Comment sent to the Montana Board of Regents and the Commissioner of Higher Education
by the Montana Shooting Sports Association
April 7, 2021
Concerning implementation of HB 102 and campus carry

Dear Regents,

This message is official comment concerning the Board's pending implementation of House Bill 102 of the 2021 Montana legislative session.

First, an introduction is in order.  The Montana Shooting Sports Association (MSSA) is the primary political advocate for Montana firearm owners.  MSSA was also the lead proponent for HB 102 before the Legislature.  MSSA is a nonprofit corporation and has members in all Montana communities.

I wrote HB 102, as well as the campus carry bills introduced in previous sessions of the Legislature.  I am also the author of Gun Laws of Montana, a trade paperback book now in its Fifth Printing and the accepted reference on that subject.  Further, I am a veteran firearms safety instructor and accepted as an expert in state and federal courts concerning firearm safety, self defense, and related topics.

Some commentors may urge the Board to litigate the constitutionality of the campus carry provision of HB 102, based on the authority allowed the Board in Article X of the Montana Constitution to manage the affairs of the university system.  This issue is addressed in Section 3(1) of HB 102 which says:  " (1) Nowhere in Article X, section 9(2)(a), of the Montana constitution is any power granted to amend, suspend, alter, or abolish the Montana constitution, nor is any power granted to affect or interfere with the rights the people have reserved to themselves specifically from interference by government entities and government actors in Article II of the Montana constitution."  This issue is also addressed by Section 5 of HB 102.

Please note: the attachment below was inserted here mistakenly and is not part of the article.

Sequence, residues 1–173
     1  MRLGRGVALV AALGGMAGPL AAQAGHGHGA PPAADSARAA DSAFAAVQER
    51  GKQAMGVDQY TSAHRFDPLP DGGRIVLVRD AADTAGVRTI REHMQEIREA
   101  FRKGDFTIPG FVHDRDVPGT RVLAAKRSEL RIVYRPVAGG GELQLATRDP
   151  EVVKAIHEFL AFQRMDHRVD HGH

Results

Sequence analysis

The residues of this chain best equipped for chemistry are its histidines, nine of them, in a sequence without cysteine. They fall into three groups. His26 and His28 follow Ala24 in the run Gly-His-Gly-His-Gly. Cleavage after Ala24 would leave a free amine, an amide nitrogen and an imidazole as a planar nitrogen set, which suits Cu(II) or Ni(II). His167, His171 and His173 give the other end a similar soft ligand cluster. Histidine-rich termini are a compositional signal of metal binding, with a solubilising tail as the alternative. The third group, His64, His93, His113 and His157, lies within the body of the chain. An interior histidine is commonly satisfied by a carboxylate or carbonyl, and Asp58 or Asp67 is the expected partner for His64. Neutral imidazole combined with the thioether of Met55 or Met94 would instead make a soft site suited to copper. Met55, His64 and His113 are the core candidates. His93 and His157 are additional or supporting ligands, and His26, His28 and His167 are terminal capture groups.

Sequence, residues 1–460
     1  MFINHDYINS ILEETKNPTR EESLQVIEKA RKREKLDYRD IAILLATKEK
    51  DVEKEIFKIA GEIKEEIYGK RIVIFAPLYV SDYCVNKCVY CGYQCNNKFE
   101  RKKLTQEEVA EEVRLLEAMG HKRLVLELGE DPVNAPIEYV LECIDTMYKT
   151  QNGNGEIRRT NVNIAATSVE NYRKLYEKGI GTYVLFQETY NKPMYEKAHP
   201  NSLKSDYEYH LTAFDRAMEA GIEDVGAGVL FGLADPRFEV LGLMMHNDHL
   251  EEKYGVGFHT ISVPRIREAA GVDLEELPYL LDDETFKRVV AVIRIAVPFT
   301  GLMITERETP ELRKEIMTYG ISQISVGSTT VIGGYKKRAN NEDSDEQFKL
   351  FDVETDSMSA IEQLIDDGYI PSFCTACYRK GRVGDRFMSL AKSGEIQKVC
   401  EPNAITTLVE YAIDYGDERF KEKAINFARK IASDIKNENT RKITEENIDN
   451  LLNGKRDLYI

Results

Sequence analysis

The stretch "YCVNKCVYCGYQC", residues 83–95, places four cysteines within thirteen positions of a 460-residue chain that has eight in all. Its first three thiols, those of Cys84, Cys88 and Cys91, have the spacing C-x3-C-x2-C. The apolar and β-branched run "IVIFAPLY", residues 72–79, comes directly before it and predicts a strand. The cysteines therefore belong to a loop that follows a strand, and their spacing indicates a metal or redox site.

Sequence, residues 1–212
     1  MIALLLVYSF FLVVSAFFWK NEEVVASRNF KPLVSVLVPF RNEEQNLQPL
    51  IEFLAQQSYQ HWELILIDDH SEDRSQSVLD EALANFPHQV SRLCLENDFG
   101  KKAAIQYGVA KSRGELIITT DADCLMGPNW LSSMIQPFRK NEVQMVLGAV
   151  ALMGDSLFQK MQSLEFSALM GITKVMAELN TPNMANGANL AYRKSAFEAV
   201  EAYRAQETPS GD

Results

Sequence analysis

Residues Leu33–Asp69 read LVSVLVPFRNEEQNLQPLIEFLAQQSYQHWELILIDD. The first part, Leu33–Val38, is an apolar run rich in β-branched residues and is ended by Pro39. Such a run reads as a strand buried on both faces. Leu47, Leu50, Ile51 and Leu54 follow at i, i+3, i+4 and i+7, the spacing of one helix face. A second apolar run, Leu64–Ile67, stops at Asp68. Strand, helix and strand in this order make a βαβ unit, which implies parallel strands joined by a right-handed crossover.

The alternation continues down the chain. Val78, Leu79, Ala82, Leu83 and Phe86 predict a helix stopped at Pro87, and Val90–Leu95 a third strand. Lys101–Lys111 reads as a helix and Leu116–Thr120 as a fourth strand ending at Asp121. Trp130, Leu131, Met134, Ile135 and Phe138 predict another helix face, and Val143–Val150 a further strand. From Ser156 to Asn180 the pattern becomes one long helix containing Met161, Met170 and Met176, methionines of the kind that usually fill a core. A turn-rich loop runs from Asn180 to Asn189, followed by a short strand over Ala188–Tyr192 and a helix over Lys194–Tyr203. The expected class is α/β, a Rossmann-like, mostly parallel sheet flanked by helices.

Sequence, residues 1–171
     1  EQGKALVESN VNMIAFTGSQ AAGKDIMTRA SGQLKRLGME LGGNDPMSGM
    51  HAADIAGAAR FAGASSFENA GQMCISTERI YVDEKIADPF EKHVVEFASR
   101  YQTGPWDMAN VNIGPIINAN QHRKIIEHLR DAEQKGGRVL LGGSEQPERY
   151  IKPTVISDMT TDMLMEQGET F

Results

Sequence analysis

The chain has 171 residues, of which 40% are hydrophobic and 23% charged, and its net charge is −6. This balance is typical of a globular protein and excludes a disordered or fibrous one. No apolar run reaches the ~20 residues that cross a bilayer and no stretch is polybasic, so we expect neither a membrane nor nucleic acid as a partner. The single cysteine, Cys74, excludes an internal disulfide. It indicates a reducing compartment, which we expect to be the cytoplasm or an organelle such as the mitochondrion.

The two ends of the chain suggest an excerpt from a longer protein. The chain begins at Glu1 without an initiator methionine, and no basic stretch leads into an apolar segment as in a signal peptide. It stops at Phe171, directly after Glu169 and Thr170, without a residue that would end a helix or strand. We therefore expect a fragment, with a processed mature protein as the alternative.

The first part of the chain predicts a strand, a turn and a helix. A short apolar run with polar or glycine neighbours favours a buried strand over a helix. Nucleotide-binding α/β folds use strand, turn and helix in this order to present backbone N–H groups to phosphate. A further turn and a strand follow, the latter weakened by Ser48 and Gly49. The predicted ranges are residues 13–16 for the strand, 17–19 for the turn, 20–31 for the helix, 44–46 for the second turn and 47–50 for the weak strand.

In addition, the HB 102 Sponsor addressed this question in his response to a Legal Review Note about HB 102 by the Legislative Services Division.  That Sponsor's response is a part of the legislative history of HB 102 and is attached as a part of this comment.

This leads to the question, "What conduct may the Board regulate under the law created by HB 102?"

First, it is useful to note that the Board has no authority to create criminal sanctions or restrictions that apply to the general public.  The Board does have authority to adopt policies that apply to two classes of people, university system employees and university system students.  These authorities will necessarily only apply when people of these two classes are on campus - present on property that is under the authority of the Board.

Then, the refined question posed to the Board becomes, "In what ways may the Board apply its authority to regulate employees and students on campus?"

The answer to this question is specifically detailed in Section 6 of HB 102.